To ensure social distancing in these small stores, which on an average are smaller than 500 square feet, markings on the sidewalk instruct consumers where to line up in front of their stores and limit number of shoppers entering the store. To enable online access, they have collaborated with hyperlocal apps-based delivery platforms like Dunzo and Swiggy. Consumers get to access their favorite stores through delivery agents that help them make decisions by sharing pictures of products from the store shelves, bag them, enable online payments and make contactless deliveries outside their doorstep.

More Essentials for All
Corporate retail chains are playing their part by keeping their stores in strict compliance with health and social distancing requirements. More, an Aditya Birla Group venture with 49 percent equity owned by Amazon, has more than 600 supermarkets and 22 hypermarkets across India. Today, their stores continue to operate with decent fill rate of food and grocery essentials adequate to serve consumers in their areas.

Mandatory rituals added to the customer journey help build trust and ensure the safety and health of their customers and staff. A sanitization station at the store entrance, cash tills sanitized every hour on the sound of a bell, frequently sanitized handrails, baskets and card swipe machines by a dedicated staff are implemented with military precision. Periodic temperature checks of staff and limiting the number of customers in the store at once ensure social distancing in the store aisles. Added to this, stores make drops of combined orders at large apartment complexes and fulfill online orders from the store shelves.

Bazaar to Consumer
Big Bazaar, owned by Future Group, operates about 286 stores in more than 120 cities and towns across India. Thought these stores are open to customers for essentials, this retailer’s focus has been on taking the store to the consumer. Each store has targeted large apartment complexes in their area and has set up a local supply chain to serve subscribers in each. Orders are accepted every morning from pre-registered customers, within a cutoff time, through WhatsApp. Then orders from each apartment complex, consisting of more than 1000 families each, are consolidated in location clusters, packed and dispatched. Each delivery cluster is dropped off at a delivery point at the complex where customers pay and pick up their bags in compliance with all health and social distancing norms. Customers can also shop from their stores, manned by 50 percent of normal stagging, or on their online portal fulfilled from the store.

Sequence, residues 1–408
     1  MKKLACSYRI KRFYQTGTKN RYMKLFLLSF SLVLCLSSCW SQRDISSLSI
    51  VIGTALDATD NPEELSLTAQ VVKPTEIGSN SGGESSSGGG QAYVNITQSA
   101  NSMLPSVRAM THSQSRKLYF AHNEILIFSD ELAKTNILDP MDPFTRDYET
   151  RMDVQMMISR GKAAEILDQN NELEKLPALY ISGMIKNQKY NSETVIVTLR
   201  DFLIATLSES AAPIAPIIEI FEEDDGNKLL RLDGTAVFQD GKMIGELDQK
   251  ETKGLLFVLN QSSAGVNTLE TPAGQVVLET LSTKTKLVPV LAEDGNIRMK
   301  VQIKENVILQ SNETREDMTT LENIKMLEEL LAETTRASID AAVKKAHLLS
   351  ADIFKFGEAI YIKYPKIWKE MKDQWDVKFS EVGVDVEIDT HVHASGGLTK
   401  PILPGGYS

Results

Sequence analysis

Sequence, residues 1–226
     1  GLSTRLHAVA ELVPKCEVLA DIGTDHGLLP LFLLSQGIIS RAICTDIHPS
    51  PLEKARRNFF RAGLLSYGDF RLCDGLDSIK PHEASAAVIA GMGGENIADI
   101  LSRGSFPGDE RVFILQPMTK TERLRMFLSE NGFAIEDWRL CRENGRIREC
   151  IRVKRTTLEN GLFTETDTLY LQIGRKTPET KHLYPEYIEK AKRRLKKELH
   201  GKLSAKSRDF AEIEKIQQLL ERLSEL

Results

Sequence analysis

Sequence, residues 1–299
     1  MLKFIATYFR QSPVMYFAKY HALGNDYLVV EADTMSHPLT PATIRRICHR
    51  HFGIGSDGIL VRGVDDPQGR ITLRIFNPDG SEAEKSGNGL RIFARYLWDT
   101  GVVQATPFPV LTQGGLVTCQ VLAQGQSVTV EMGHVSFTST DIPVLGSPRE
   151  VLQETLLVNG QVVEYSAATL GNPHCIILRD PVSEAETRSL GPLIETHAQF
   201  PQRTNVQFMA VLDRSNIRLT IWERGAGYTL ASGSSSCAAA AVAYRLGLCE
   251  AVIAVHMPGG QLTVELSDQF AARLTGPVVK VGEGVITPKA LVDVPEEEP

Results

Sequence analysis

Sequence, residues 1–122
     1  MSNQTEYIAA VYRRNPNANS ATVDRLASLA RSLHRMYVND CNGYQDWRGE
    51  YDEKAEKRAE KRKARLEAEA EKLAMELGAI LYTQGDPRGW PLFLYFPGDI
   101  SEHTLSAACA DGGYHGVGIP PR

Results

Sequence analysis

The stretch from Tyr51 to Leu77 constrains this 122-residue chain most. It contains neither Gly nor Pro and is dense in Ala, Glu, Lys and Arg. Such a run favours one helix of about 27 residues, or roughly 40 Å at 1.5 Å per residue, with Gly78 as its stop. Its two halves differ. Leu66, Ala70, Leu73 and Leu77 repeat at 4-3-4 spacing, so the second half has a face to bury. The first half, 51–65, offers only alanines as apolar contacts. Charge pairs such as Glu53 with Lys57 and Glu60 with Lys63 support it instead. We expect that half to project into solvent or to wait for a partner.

What’s Ahead for Stores
According to a recent survey by the Retailers Association of India, in the next six months, non-food retailers expect to achieve 40 percent of last year’s revenues while food retailers expect to earn 56 percent. Overall, 70 percent of retailers expect business recovery to happen in more than six months, 20 percent expect it to take more than a year. All industry stakeholders will need to collaborate to recreate an ecosystem that survives and continues to serve the consumer and play a crucial role delivering the country back to good health, happiness and prosperity.

Surender has more than two decades of experience in the Indian retail industry in retail strategy, store design, planning and development, retail marketing, visual merchandising, writing and academia. He’s held senior positions at leading retailers like Shoppers Stop, Reliance Retail, Mahindra Retail and as a senior retail consultant working with leading retailers and brands in India. Reach him at surenderg.retail@gmail.com.